Twenty paces from the concrete sidewalk the land gives away and plunges into a forest ravine. The forest is rapidly coming alive after six months of winter. Dead leaves and trash spot the soil as plants begin to poke their way through. Soon, the trash will be covered by a bed of green for the summer. A river runs near the bottom of the gully, 50 or so meters down. Squirrels scurry up trees and nose around the dirt. Decades ago the valley was a toxic mess where industry spilled chemicals into the water and garbage was dumped. Environmental policy and volunteers’ hours of work have progressively allowed nature to return. With each bag of trash removed more plants grow. When the city stopped spraying pesticides, to keep the fields free of weeds, wildlife returned.
Months ago, before the Coronavirus took hold of our city, when cars were jammed in the streets and the city was running at speed, we had become accustomed to the lack of clarity in the water, its abnormal odor and the noise of traffic. But even then, it was a place to escape; a serene a spot where one finds a moment of calm in the centre of one of North America’s busiest cities. On the weekends, many mountain bikers, hikers and dog walkers, use the trails to breathe, relax and exercise. Others forage for asparagus, grape leaves, mushrooms, fiddle heads and other plants. Even though the relatively narrow park runs along the rivers cutting through the east side of the city the trails are vast, technical, manicured and maintained. The builders are cautious to respect the natural environment to limit erosion and allow nature to flourish. Each year the trail network grows further into the city’s greener arteries. In an evening we can easily ride 40 kilometres on dirt without passing the same stretch twice. It is a playground.
For generations, in most North American cities, the local woods were where kids could escape from parental supervision to go on an adventure, build a bonfire, a fort, or rip around the forest on their bikes. It was where I spent the majority of my afternoons and weekends when I was a kid and, through my teenage years, it was where I would ride my cross bike in the evenings with friends. More than anything, the woods where most adventures began, and where we gained the confidence to ride beyond the confines of our neighbourhood. For many of us, it was time spent on a bike riding in the woods that led to a lifetime of cycling.
Over the last decade, or so, it had become increasingly rare to see kids riding, or playing about in the park. I would see a half-dozen here and there milling around the pump track, but the vast majority of people who ride deep in the woods are middle aged men, most of whom are trying to relive the thrill they felt on the trails as children. Riding a bike in nature brings out that juvenile endorphin rush. Shockingly, some of the kids in our neighbourhood, who live blocks from the forest, had never been down there. Programmed activities and classes, video games, the internet, and parental fears keep them in their homes. During the last two months, as Toronto has been shut down, there have been more people on bikes in the park, and kids riding the trails, than I have ever seen. Some ride alone, some are in small groups and the majority seem to maintain a respectful and safe distance from one another and other trail users. Speaking with some of the parents they say their children are discovering a new sense of freedom away from the tarmac, concrete, couch and screen. It’s encouraging on every level. Access to the trails has given them an outlet. Most don’t have fancy bikes or clothes as they simply ride the bikes they have to launch off of jumps, tear down the hillside and cruise beside the river.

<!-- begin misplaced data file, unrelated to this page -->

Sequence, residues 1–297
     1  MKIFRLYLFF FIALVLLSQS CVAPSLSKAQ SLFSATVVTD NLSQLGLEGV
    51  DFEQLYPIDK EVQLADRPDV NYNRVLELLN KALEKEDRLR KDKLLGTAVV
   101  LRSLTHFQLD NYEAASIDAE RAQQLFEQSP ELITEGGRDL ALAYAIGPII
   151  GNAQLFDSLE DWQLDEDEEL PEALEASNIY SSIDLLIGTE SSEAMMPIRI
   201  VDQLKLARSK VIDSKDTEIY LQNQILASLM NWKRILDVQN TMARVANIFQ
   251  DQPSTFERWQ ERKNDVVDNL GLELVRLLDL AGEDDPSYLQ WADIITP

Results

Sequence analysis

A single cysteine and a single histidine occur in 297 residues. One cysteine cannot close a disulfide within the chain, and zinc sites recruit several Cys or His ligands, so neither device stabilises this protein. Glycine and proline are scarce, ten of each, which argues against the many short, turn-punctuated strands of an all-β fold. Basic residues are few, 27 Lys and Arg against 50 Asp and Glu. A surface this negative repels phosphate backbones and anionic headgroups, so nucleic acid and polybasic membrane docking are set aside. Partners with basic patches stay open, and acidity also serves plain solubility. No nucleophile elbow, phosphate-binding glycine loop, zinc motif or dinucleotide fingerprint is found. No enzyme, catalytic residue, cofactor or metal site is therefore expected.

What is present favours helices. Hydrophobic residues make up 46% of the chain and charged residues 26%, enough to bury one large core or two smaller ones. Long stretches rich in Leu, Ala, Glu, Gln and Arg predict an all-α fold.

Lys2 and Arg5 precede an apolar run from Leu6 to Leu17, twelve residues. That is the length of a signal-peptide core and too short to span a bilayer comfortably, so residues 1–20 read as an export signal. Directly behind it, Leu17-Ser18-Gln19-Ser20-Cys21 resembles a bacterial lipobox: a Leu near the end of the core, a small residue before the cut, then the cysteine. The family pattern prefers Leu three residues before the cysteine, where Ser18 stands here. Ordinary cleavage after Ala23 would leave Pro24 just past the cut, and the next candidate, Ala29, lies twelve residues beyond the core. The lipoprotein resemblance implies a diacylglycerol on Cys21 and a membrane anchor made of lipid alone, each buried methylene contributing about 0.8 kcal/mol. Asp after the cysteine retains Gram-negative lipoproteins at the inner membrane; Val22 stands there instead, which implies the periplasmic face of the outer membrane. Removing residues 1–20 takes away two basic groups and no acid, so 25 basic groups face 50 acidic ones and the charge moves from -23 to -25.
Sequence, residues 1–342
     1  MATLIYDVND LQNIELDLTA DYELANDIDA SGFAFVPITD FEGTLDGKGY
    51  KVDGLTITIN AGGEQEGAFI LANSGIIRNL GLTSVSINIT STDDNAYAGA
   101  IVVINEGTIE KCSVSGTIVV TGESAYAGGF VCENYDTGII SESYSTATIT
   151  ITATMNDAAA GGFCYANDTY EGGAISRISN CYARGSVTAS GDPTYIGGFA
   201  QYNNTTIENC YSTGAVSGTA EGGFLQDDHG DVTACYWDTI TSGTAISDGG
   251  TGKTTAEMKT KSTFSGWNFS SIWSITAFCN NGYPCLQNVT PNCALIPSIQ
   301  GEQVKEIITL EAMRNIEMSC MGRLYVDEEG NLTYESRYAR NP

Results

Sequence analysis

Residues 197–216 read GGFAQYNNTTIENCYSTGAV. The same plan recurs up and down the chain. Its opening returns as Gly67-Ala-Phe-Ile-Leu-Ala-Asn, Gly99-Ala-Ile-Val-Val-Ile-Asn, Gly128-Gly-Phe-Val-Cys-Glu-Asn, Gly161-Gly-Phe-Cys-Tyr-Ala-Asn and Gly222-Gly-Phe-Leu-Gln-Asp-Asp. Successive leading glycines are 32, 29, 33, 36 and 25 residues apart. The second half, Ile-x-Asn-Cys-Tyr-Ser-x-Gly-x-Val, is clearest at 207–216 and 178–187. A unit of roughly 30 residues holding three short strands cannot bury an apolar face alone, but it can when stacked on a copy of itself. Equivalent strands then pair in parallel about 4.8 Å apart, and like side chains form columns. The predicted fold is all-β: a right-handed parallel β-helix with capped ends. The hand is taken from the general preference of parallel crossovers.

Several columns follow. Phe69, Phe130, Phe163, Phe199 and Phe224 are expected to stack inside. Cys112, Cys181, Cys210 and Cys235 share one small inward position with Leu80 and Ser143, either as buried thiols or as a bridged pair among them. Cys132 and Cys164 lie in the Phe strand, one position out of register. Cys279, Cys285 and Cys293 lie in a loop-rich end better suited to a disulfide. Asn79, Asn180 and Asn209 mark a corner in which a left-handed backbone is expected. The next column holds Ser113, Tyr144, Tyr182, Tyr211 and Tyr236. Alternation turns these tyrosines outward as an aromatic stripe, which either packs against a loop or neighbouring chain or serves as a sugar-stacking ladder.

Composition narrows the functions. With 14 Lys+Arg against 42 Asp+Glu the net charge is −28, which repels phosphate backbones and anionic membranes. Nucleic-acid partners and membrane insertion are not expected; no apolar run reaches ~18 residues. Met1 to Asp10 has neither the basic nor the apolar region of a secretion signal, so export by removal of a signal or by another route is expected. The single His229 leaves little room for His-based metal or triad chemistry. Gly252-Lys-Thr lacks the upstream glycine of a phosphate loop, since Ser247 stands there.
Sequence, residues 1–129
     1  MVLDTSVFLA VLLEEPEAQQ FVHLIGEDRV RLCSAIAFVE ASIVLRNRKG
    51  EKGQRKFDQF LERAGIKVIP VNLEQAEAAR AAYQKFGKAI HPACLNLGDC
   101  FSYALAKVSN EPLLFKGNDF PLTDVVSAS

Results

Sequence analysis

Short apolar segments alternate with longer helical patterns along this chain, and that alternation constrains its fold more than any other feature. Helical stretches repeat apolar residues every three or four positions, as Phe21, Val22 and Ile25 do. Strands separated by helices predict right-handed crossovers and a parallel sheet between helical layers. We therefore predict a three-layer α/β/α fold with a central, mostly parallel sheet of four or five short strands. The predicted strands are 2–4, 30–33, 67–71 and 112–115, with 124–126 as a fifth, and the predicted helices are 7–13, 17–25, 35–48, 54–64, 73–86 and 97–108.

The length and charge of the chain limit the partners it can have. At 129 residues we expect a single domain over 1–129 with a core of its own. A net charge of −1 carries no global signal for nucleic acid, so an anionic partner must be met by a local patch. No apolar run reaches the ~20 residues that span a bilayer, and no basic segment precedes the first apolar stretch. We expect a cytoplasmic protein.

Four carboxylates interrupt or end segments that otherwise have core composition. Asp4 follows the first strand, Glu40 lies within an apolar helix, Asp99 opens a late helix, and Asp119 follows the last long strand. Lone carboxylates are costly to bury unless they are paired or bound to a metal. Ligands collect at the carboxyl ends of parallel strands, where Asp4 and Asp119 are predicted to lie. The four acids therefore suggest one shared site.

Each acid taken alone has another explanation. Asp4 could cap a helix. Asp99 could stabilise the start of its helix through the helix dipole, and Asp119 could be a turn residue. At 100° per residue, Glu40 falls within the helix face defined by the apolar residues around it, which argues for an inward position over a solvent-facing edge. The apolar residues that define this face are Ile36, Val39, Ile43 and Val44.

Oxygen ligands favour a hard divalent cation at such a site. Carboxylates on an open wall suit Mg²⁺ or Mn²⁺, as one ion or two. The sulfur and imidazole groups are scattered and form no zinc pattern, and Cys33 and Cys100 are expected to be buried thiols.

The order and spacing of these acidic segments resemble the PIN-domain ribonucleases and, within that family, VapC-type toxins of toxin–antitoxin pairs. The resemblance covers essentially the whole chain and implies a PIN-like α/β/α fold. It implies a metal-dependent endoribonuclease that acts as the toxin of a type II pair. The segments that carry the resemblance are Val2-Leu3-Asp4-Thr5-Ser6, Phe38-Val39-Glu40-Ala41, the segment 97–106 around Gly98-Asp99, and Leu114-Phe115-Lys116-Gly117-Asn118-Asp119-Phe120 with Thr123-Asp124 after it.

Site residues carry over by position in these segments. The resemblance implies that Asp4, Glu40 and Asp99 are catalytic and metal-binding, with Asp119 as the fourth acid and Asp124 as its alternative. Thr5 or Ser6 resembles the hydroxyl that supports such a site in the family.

Not a ride passes where I don’t feel thankful to those who voluntarily build and maintain the trails. Perhaps unknowingly, with each shovel of dirt they are improving lives.
It is rare that you see people working on the trails. They work away quietly, hauling in their tools leaving only the trail as their trace. Friends have often commented to me that there must be elves who come to work away at night. Bridges will be built over eroded, impassable, areas. Corners will be shaped. Jumps and landings will be piled up. Trails will evolve. Leaves will be raked. It is rare that a fallen tree will block a trail for more than a day. The work that is done is phenomenal.
Over the last few weeks, I’ve bumped into two of the builders, as they’ve been working on a trail near our home that was cut by a landslide. Over seven days, they built another more extensive, technical, route that bypasses the landslide. As they were building, I stopped to chat with the two young guys working away. I thanked them for their work and dedication and asked if there was some way we could leave, or give them, donations, tools, or at least drinks for their efforts. They explained that they didn’t want anything, and not to leave anything as if it was taken by someone else it might only add to the trash that is already a problem. They didn’t want money donations either, they said. As we chatted one looked up at the trail above as a kid rode past and, said, “For us, it’s just good to see so many people out here enjoying the work, and recently, it’s been especially nice to see all the kids riding. That’s something we’ve never seen.”
A great tool for exploring the Don Valley Mountain Bike Trails is the Trail Forks App, where all of the trails are mapped and rated.